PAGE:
The 2016 Yankees rotation hasn't been very good, but it is clear that Luis Severino and Michael Pineda are the weak links, with Nathan Eovaldi not too far off. Both pitchers have an ERA north of 6.00, and Pineda has a FIP over 5.00, making things pretty bad for him. The beat writers have been wondering whether or not Severino should be sent down to the minors in order for him to fix what's wrong, but that would leave the team with Ivan Nova as the only viable replacement–and that can't happen.
To put it simply, I don't trust Nova. He has a 5.14 ERA with a 3.64 FIP despite only a 4.50 K/9 over a mostly-meaningless 14 innings. The last time Nova was any good was back in 2013 when he had a great month after returning from an injury. After that, he required Tommy John surgery in 2014, was still recovering when he returned in 2015, and is now the long man out of the bullpen. It's one thing to ask him to pitch three innings on occasion, or even a spot start a few times a year, but if the Yankees remove a pitcher from the rotation, Nova is not the long-term solution.
Nova is a ground ball pitcher, and right now his ground ball rates are at a career high of 66%, but that's not going to last. He's throwing 47.8% of his pitches in the zone, which is nearly 6% higher than his career average, and he's also getting 9% more swings at pitches in the zone than he normally does. Since he returned in 2015, Nova has used his two-seamer as his primary fastball, and admittedly it's been effective so far. He's missing more bats, but not inducing any extra contact that he needs to thrive on. In fact, his contact rate is the lowest it's been in three years (which isn't really saying that much). There are interesting things going on, but the results are just not there, and given Nova's track record, it might be time to realize that they just might never be.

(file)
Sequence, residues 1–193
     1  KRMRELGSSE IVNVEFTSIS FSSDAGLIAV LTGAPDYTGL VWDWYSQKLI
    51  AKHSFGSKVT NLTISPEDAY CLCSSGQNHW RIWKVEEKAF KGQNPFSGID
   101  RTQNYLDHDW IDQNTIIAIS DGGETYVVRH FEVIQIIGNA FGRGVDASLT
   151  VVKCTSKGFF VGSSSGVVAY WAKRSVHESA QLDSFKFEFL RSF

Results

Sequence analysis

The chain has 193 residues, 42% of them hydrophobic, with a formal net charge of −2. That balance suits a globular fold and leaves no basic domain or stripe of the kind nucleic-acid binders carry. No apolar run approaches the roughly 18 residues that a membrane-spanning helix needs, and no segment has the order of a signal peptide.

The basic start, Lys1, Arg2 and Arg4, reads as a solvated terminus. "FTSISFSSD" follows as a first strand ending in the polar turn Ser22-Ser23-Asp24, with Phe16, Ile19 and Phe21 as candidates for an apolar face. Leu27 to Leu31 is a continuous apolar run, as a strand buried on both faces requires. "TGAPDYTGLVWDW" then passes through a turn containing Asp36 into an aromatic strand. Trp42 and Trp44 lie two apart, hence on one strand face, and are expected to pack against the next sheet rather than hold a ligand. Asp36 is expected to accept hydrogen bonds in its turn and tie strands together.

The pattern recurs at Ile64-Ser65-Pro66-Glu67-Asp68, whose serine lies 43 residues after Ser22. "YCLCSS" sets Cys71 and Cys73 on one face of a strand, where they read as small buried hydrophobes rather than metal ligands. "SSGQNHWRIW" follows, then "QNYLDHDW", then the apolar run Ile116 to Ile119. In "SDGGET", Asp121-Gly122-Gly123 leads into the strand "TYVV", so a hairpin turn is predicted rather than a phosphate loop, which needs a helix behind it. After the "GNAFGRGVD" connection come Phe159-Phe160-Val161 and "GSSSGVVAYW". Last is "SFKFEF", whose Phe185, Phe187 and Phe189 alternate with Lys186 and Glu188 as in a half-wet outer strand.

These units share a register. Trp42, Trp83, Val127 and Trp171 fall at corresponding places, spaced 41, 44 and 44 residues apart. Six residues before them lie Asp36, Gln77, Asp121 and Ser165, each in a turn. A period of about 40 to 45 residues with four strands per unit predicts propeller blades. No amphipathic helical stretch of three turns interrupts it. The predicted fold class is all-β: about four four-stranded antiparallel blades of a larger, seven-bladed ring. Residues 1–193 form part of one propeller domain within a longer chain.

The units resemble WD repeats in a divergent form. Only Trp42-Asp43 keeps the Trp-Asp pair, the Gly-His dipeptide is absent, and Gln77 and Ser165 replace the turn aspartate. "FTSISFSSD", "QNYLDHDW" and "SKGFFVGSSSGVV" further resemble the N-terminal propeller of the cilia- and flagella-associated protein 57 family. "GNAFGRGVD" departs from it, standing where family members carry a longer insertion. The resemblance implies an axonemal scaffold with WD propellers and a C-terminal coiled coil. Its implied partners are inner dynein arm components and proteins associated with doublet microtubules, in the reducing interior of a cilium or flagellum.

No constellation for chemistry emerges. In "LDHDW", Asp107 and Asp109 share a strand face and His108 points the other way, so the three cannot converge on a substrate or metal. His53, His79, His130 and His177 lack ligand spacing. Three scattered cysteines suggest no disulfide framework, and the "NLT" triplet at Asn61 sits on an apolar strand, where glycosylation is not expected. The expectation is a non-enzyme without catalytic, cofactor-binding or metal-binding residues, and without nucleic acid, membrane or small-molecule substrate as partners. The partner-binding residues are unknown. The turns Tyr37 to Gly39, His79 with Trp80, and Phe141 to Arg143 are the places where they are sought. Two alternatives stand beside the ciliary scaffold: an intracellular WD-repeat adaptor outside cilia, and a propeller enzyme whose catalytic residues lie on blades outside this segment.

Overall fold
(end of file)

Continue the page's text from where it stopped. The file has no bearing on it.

If he is the only choice, the team is better off taking their chances with Severino or Pineda, who have a much higher ceiling than Nova does. Both pitchers have great stuff–Severino throws hard and Pineda has great control–the problem is that neither of them have very good command, often throwing bad strikes into the heart of the zone that get pummeled. They each have good things going for them, but removing them from the rotation won't help them figure it out. Severino especially has gotten away on velocity alone during his minor league career and sending him down won't help him against the advanced hitters he is struggling against in the majors.
If the Yankees decide to go with someone else–if they have to–they are going to run into some trouble. Adam Warren is gone, Bryan Mitchell is hurt, and the depth they brought in for spring training offers very little. If they are in need of someone new, it might come down to the prospects they traded for during the offseason. After breaking camp with the team, Luis Cessa has returned to the minors to pitch a 3.86 ERA and 4.74 FIP in 16.1 innings, while Chad Green has been impressive with a 1.45 ERA and 2.47 FIP in 31 innings–averaging just over five innings a start. There is also Ron Herrera, who recently earned some press after pitching in a combined no-hitter, and had a 2.36 ERA and 3.20 FIP with a 8.44 K/9 over 26.2 innings in Double-A before getting a promotion to Scranton.
It's obviously slim pickings in the organization when it comes to starting pitching. Their depth is gone, and some of the more promising pitchers are at least another year away. The lack of alternatives could mean that they need to start considering a trade this summer, if–big if–they're still in contention by then. If not, we just might get stuck with Ivan Nova because at that point it wouldn't really matter who played.